LBJ: The Tall Tale Texan

Say what you will about Lyndon Baines Johnson — and people have said all kinds of things about him — the man who was born this week (Aug. 27) in 1908 had a razor sharp wit. Once, as vice-president, LBJ went on a “fact finding” tour to Africa, and at one stop an African leader said to him, “Mr. Vice President, is it true that you were born in a log cabin?”

“No, no, you are confusing me with Abraham Lincoln,” Johnson replied, before pausing and adding, “I was born in a manger.”

He was also a great storyteller, as are most denizens of the Lone Star State, but our 36th president — famous for landmark Civil Rights legislation as well as the debacle in Vietnam — truly had a Texan’s knack both for telling a good story and using it as a political parable.

To illustrate American grit and flexibility in the face of hard times, for example, Johnson loved to tell the story of the Depression-era job applicant desperately seeking a teaching position.  A member of the school board asked him if the world was round or flat.

“I can teach it round or flat,” the applicant responded without hesitation. “You make the call.”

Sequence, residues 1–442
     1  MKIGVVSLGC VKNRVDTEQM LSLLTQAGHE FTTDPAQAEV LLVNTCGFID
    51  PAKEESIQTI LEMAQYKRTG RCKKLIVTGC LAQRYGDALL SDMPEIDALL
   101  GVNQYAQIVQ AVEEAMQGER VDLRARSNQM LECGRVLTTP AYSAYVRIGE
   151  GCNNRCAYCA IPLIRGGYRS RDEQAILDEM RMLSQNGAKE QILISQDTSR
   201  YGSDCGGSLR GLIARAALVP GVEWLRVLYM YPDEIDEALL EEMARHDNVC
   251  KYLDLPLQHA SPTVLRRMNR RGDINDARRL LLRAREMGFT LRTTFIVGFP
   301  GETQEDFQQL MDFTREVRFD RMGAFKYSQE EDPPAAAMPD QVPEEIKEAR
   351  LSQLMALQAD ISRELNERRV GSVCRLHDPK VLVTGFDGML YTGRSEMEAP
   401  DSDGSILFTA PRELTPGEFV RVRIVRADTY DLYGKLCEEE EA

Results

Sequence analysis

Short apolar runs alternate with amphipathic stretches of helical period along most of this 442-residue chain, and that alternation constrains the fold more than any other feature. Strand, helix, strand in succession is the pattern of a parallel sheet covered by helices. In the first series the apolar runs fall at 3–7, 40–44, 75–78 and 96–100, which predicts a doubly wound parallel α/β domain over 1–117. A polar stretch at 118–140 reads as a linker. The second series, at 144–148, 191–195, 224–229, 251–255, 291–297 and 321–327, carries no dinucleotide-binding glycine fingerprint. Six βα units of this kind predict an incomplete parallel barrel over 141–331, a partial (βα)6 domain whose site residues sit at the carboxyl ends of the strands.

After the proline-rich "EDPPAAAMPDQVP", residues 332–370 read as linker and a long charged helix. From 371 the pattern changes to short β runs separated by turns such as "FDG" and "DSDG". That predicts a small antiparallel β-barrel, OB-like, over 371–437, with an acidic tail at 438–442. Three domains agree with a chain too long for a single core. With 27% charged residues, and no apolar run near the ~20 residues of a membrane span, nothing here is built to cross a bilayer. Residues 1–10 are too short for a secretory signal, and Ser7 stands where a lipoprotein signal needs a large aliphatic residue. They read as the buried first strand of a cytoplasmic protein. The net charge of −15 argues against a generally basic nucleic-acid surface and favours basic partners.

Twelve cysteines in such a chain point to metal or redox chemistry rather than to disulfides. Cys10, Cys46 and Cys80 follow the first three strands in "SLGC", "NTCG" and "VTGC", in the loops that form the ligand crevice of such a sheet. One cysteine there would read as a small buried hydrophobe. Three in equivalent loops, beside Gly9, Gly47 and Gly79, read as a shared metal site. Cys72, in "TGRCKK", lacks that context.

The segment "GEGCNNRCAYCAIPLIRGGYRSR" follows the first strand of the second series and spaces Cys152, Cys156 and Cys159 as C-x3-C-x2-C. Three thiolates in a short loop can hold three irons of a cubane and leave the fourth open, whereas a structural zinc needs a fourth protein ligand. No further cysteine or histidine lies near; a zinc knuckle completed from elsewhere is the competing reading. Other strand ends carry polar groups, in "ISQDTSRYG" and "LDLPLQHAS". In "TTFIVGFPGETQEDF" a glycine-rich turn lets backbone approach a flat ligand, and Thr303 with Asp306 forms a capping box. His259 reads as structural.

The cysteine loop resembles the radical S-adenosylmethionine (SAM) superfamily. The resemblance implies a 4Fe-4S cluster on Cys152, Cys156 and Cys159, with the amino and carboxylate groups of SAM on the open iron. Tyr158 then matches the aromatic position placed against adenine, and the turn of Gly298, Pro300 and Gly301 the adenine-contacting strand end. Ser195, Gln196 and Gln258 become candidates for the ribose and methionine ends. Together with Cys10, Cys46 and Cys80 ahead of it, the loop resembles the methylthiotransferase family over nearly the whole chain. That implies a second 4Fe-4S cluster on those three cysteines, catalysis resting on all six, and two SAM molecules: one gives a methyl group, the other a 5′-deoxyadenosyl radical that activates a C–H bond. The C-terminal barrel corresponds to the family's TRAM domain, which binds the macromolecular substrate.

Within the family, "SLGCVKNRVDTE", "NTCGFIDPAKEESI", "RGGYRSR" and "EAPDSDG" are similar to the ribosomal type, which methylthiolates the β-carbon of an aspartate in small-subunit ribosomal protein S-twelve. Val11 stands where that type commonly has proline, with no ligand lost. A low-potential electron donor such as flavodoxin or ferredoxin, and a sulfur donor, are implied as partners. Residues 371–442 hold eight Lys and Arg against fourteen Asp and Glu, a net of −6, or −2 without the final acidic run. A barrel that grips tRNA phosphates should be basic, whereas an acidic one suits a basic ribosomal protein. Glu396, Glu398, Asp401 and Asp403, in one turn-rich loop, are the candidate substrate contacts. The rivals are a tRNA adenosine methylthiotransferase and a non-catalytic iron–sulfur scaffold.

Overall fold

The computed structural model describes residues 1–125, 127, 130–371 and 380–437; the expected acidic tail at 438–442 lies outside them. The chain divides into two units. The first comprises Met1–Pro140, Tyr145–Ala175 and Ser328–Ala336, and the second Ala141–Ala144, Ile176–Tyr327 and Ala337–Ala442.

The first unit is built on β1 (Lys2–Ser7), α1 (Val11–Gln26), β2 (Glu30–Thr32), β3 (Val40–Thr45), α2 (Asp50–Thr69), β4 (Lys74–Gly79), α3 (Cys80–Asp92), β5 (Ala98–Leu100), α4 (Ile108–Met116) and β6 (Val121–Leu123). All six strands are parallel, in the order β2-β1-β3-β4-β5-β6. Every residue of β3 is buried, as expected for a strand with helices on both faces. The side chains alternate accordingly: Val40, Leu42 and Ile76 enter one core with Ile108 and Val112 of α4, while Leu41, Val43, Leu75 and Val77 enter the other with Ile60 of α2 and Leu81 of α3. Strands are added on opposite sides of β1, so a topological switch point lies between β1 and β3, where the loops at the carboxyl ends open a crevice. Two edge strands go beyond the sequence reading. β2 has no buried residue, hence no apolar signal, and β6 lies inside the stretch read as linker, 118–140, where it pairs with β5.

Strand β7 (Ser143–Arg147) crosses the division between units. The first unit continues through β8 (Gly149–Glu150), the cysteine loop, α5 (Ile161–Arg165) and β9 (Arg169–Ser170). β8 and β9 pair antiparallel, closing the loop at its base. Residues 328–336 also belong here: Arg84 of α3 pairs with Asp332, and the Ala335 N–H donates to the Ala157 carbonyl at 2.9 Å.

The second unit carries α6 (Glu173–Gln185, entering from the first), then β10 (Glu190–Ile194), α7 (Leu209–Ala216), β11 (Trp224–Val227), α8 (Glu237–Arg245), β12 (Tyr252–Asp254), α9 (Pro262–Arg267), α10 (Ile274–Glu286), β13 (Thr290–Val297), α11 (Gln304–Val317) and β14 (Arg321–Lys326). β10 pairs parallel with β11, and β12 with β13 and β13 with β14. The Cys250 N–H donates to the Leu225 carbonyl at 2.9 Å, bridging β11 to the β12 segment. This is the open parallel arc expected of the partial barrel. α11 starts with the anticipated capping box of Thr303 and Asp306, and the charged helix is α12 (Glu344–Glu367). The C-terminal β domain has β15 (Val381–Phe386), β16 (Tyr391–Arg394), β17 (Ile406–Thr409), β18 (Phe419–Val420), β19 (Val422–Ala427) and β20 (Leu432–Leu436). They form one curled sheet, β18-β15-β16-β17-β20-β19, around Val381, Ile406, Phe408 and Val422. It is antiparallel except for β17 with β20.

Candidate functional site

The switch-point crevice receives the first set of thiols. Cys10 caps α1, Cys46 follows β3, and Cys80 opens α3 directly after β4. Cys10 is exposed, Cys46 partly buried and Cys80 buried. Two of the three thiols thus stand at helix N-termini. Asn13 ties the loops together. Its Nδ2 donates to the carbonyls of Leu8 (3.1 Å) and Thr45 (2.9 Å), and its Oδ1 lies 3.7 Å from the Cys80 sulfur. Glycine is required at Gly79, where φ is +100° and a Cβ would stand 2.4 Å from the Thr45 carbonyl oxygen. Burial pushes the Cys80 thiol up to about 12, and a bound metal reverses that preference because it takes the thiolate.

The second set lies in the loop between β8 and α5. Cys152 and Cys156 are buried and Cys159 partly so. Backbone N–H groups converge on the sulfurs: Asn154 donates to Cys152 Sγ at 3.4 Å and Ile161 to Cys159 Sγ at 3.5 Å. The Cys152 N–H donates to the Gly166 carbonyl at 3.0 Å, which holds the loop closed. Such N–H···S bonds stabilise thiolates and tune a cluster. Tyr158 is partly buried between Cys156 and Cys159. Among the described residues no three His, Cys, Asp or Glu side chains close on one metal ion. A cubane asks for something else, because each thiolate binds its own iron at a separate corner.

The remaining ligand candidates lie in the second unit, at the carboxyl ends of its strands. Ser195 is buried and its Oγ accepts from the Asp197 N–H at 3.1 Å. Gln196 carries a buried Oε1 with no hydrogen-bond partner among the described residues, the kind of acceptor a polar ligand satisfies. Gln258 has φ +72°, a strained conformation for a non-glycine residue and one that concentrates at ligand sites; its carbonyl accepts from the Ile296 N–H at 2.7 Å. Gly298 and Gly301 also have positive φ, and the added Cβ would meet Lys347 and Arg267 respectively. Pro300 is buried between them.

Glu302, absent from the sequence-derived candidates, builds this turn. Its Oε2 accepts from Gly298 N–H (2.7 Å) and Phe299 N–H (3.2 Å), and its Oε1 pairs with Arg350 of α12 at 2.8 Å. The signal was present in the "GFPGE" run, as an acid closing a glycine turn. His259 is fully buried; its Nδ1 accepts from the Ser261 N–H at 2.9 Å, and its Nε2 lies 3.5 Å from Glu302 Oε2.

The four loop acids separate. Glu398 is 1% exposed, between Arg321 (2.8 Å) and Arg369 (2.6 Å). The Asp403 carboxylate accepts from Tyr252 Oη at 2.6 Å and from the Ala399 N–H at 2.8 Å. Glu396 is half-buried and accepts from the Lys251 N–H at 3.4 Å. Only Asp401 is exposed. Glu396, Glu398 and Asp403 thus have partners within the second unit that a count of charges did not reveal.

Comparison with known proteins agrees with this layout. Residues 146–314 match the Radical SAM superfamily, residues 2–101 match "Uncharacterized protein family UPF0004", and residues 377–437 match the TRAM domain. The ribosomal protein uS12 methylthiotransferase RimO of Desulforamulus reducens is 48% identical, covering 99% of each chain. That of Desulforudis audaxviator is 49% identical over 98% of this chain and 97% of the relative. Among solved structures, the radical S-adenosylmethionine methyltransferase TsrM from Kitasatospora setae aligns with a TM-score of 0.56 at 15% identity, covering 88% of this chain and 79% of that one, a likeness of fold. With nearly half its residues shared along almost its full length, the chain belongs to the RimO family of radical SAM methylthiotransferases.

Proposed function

But one of Johnson’s (and my) favorite stories was the one he would tell to illustrate the fact that absolutely no act of self-promotion was too low or shameless for a politician.

The story goes like this:  In the early 1930s in Louisiana, convicted murderers were sometimes executed by public hanging.  Naturally, these hangings attracted large crowds of onlookers, many of whom, we can suppose, attended for motives not solely relegated to the need to see justice served.

In any case, the one legal addendum to this public hanging custom was that the condemned was allowed five minutes to say his (or her) “last words” in public — whatever they might be.  So on the day in question the sheriff, having led the condemned man — let’s call him Slim — up to the gallows, turned to him and said loud enough for the crowd to hear, “Slim, in accordance with the laws and customs of the great state of Louisiana, you have five minutes to say your piece before going on to your just reward.”

All eyes turned to Slim, who squirmed, looked down at his feet, and finally turned to the sheriff and said, “You know me, sheriff.  I ain’t much for words. Let’s jes’ get on with it.”

Suddenly a hand went up and a voice in the crowd shouted out, “Excuse me, but if he doesn’t want his five minutes, can I have them?!  I’m Bob Mason and I’m running for city council in next month’s election!”